Oct. 1st, 2012

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On this beautiful, cool, mostly overcast first day of October, there was a ventral, borborygmous insurrection as I was sitting in the library, whose violence intensified proportionally with the number of food pictures upon which I laid mine eyne with each flip of the cookbook pages. (It wasn't a cooking for dummies book, even if it most likely should have been.)

What didn't necessarily help with my hunger pangs was that mesomorphic DILF who made my singlegirlproblems concomitantly flare up -- nor did my reading about sharpening an image from a book on Photoshop. In the book, a man's pores were been sharpened to try to enhance the quality of the picture. My brain transduced that experience of seeing imperfections highlighted on paper into amplification of my own imperfections/woes: my singlegirlproblems, my famished girl problems (see abovementioned insurrection), penniless girl problems, gayficient girlwholikesboyswholikeboysproblems...basically havenotgirlproblems. The girl with the white iPhone and the iPad sitting in front of me propelled me into a ♪whooooole neewww third fourth fifth sixth seventh-wooooooorld♪ shitstorm of havenotproblems.

Fortunately, a book on knitting lay on the table in front of me: my future was staring me in the face! Fortunately I've already started investing in the spinster materials! This sort of segued into the recollection of having read this excerpt earlier:

Maturity was the sunset of beauty. From eighteen to twenty-five years the beauty of him who is loved subtly alters its form. The first glow of sunset, when every cloud in the sky takes on the color of sweet fresh fruit, symbolizes the color of the cheeks of the boy between eighteen and twenty, the soft nape of his neck, the fresh blueness of his shaved collar line and his lips like a girl's. When the sunset glow reaches its peak and the clouds blaze many-colored and the sky goes mad with an expression of joy, one thinks of the blossom time of youth, from twenty to twenty-three. Then his look is somewhat fierce, his cheeks are taut, his mouth is gradually making plain the will of the man. At the same time, in the color still glowing shyly in his cheek, and in the soft streamlining of his brows, traces of the evanescent moment of a boy's beauty can be seen. Finally, the time when the burnt-out clouds take on a grave complexion and the setting sun tosses its remaining beams like hair is comparable to age twenty-four or twenty-five when, though his eyes are replete with pure gleams, in his cheeks are seen a beauty transcending the severity of its stern masculine will. - A Book Called 禁色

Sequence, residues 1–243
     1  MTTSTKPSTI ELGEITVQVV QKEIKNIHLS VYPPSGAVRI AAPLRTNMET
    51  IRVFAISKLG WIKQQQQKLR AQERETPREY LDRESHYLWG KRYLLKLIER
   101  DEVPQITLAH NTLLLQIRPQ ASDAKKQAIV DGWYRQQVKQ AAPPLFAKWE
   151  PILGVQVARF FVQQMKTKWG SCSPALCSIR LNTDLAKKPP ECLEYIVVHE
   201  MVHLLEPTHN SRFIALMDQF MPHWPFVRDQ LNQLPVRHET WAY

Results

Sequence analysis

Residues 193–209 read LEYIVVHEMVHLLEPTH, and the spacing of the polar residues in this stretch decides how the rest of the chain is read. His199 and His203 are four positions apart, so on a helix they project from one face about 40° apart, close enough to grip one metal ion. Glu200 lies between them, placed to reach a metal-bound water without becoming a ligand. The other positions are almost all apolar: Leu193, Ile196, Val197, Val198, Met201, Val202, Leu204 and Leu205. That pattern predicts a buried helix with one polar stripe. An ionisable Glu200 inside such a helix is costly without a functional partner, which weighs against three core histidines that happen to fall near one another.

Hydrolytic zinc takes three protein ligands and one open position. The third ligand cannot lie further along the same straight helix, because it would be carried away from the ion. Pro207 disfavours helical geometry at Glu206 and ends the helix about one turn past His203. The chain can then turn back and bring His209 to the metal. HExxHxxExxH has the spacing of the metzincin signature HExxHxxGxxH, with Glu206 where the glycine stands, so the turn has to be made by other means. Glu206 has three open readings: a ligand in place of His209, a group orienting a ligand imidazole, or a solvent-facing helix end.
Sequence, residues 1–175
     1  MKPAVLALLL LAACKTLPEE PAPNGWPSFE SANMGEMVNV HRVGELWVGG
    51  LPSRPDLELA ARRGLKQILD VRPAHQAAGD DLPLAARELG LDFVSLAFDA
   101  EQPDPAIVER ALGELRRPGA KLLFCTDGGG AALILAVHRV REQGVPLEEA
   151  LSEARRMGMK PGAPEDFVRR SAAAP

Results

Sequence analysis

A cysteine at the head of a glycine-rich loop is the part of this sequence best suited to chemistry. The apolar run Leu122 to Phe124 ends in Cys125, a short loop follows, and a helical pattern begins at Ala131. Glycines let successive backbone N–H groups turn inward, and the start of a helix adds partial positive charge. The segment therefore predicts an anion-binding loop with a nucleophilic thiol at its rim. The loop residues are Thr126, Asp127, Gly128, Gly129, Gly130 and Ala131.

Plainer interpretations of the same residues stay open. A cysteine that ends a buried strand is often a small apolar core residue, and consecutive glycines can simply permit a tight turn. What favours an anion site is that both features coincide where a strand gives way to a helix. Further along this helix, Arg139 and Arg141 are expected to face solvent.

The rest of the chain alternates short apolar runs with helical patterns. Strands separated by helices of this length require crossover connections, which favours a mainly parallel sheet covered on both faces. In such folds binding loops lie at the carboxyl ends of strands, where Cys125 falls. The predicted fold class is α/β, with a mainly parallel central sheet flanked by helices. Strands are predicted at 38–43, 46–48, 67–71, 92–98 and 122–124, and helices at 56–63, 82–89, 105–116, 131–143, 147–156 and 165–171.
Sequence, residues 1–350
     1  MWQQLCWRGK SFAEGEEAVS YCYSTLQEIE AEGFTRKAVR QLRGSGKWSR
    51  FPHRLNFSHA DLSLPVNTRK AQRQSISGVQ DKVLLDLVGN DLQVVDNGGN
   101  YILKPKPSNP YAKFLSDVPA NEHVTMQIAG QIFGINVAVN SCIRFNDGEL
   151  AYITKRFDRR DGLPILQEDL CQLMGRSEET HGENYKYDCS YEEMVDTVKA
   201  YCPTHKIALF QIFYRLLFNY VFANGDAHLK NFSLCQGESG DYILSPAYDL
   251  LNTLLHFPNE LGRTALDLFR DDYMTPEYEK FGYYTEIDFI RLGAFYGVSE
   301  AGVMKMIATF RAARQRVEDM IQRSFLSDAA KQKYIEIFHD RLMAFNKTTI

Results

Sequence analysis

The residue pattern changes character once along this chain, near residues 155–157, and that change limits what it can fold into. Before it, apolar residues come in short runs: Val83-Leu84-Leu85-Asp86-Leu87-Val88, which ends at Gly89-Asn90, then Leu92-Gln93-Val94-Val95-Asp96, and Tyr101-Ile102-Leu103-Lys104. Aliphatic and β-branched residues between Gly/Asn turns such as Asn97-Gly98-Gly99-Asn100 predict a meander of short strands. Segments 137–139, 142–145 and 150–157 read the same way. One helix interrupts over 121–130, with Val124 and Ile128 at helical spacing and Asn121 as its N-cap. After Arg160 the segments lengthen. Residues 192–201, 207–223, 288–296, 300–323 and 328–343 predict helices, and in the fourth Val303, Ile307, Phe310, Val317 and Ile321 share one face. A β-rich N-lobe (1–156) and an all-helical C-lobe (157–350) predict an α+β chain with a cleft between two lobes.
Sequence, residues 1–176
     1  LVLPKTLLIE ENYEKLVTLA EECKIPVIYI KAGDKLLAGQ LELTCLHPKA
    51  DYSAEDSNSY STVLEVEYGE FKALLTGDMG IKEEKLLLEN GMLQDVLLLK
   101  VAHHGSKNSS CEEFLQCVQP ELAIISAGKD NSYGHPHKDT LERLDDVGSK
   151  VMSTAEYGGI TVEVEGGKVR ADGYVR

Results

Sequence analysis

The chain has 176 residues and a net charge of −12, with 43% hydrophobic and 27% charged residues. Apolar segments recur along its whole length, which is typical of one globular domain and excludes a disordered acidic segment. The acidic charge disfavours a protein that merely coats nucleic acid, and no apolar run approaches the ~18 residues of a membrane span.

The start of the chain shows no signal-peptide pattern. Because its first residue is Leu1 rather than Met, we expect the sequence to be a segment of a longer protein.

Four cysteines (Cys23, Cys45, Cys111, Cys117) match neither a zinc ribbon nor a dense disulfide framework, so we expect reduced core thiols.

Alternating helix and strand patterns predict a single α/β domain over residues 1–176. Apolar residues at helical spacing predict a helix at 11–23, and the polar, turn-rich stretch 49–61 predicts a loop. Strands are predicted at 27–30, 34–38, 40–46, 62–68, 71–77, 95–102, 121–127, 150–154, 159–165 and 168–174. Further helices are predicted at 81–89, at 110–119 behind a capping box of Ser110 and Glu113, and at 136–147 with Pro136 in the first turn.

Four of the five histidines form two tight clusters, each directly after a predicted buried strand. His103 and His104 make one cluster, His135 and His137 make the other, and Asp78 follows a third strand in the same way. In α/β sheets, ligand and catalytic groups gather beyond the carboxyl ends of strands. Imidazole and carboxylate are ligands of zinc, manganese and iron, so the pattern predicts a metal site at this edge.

(Mostly the emboldened part.)

Also, I'm apparently not even good enough to complete this (35/41, which is sort of in the B/B- range):



I did, however, enter not one but two sweeps to win movie tickets to the theatres I haven't patronized in years. Even if I were to win tickets, with whom would I go, really?




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